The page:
Tri-City Ministries' second Community Theatre production was a huge success. There was a full house both nights, and the dinner theatre was all but sold out. By 6:30 there were only a few scattered seats left. By 7:30 the anticipation in the room was palpable. And by 8:00 most of the audience had gotten their money's worth in laughter! And there was so much more to come! Comments from the audience included: "I laughed until tears rolled down my cheeks!", "My ribs actually hurt from laughing so hard!", and "I wanted to see it again!"
The Community Dinner Theatre has improved in quantity and quality in this only its second year. The basic meal was merely the prelude to the pièce de résistance of the evening: Charley's Aunt, the play that has been called "the most famous farce in the English language." Set in the late 1800s, Charley's Aunt tells the story of Jack and Charley who wish to propose to Kitty and Amy. The boys invite the girls over with Charley's aunt from Brazil as a chaperone. However, the aunt sends word that she can't make it and the boys are stumped; they want to propose to their girls but there must be a chaperone! Lord Fancourt Babberly provides the answer when he steps out dressed as an old lady for the “amateur theatricals” he's involved in. Forced to play the part of Donna Lucia, Babbs is hugged and kissed by Kitty and Amy, proposed to by Jack's father and Amy's uncle, and finally meets the real Donna Lucia who shows up under an assumed name.
Over 300 people attended the performance on Friday evening. There was a festive atmosphere in the packed auditorium throughout the entire evening. The play was also performed to over 100 people on Thursday evening, and to a privileged few at the dress rehearsal—including the Ball family who had family members in the cast but were ministering in India during the actual performances. This year the audience consisted of mostly church family and friends. The first couple of years we're “working out the details” before we start making a big push for community involvement. But eventually this fun-filled event will be a wonderful opportunity to feature our ministry to the community.
The cast was drawn from various ministries. The four college students were played by International Baptist College students Kayla Deyton, Klay Klemic, Adam Mott, and Elisabeth Owens. Chris and Tessa Ball were cast as Sir Francis and Donna Lucia while Jesse and Katie Muldoon played Babbs and Ela. Eric Alexander as the unflappable butler Brasset and Patrick Meyers as Stephen Spettigue rounded out the cast of 10, which began working on the play before Christmas. And rehearsals got more and more intense until production week. Most folks comment, “Wow. There were a lot of lines to learn!” but they don't even realize that memory is the easiest part! Once the easy part is done, the cast begins working on interpretation, characterization, pacing and timing, projection, reaction, and myriad other skills that the audience never notices—if they're done well!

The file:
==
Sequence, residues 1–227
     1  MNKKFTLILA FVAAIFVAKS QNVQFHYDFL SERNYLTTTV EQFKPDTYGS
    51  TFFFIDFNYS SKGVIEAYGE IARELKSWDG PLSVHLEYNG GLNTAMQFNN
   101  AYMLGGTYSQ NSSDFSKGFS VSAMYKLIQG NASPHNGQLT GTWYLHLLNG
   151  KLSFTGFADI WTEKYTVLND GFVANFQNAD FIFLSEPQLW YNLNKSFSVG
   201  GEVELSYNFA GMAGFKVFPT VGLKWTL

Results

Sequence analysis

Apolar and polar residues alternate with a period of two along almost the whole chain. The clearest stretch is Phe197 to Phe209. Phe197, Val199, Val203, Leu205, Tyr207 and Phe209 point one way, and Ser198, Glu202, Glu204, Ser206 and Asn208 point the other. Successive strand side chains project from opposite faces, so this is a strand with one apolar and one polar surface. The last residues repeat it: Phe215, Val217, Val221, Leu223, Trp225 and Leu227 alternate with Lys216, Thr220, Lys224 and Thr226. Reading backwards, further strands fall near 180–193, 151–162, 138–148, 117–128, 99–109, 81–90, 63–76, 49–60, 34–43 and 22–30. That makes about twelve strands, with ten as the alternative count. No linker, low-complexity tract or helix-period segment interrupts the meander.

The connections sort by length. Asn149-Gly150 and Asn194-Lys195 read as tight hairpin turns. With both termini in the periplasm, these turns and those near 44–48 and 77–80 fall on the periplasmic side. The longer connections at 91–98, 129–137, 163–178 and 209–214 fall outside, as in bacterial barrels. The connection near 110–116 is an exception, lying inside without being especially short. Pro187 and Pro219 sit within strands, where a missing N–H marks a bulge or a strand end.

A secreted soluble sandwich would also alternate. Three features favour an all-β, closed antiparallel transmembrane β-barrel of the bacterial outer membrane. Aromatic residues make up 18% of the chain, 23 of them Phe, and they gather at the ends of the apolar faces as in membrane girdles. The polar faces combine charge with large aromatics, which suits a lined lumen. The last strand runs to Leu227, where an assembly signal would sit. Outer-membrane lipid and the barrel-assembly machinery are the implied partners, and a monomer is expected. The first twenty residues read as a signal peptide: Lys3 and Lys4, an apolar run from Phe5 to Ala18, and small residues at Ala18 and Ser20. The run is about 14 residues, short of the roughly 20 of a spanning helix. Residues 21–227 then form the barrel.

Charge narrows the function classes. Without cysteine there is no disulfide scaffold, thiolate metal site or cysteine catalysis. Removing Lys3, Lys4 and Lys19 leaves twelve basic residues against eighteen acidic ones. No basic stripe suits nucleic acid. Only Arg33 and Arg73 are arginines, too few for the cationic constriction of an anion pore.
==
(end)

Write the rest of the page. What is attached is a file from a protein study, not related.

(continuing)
Though the entire production was sponsored by International Baptist College, the evening involved folks from almost every entity on our campus. Assistant Director Marianne Domico also organized and managed her crew of make-up folks. Pam Eddington designed the lovely "Gibson Girl" hair. Anna Fosnot collected and managed the many props. Sam Bullock took a week off work to set and run the lights. Trevor McClosky and Emily Tjepkema ran sound—no easy feat with 11 different microphones being used for this show. Becky Stertzbach designed the look of the costumes, borrowed, rented, and bought pieces, and recruited Barbara Jakucki and our own Barbara Hoyle to alter some costumes and build "the dress." Susannah Dornan managed the costumes. Darin and Esther Fletcher managed tickets sales, acted as house managers, and managed the crew of volunteer ushers and greeters. Vanessa Iwaniuk designed the lovely table decorations. Bob and Jeana Kamp built the imaginative set with help from Jimmy Dornan. The Perrins and the Keys donated their time to prepare and serve the dinner. Theresa Trogen coached a group of high school students to sing a show choir presentation of "I'm Sittin' on Top of the World" for intermission and curtain call.
Plans are already in motion for next year's production—including an even better dinner! Pastor Dave announced on Friday evening that for next year he is looking at a mystery play by the queen of mystery herself—Agatha Christie! What a joy to be part of a ministry in which unity among the church family produces such a testimony to God's faithfulness!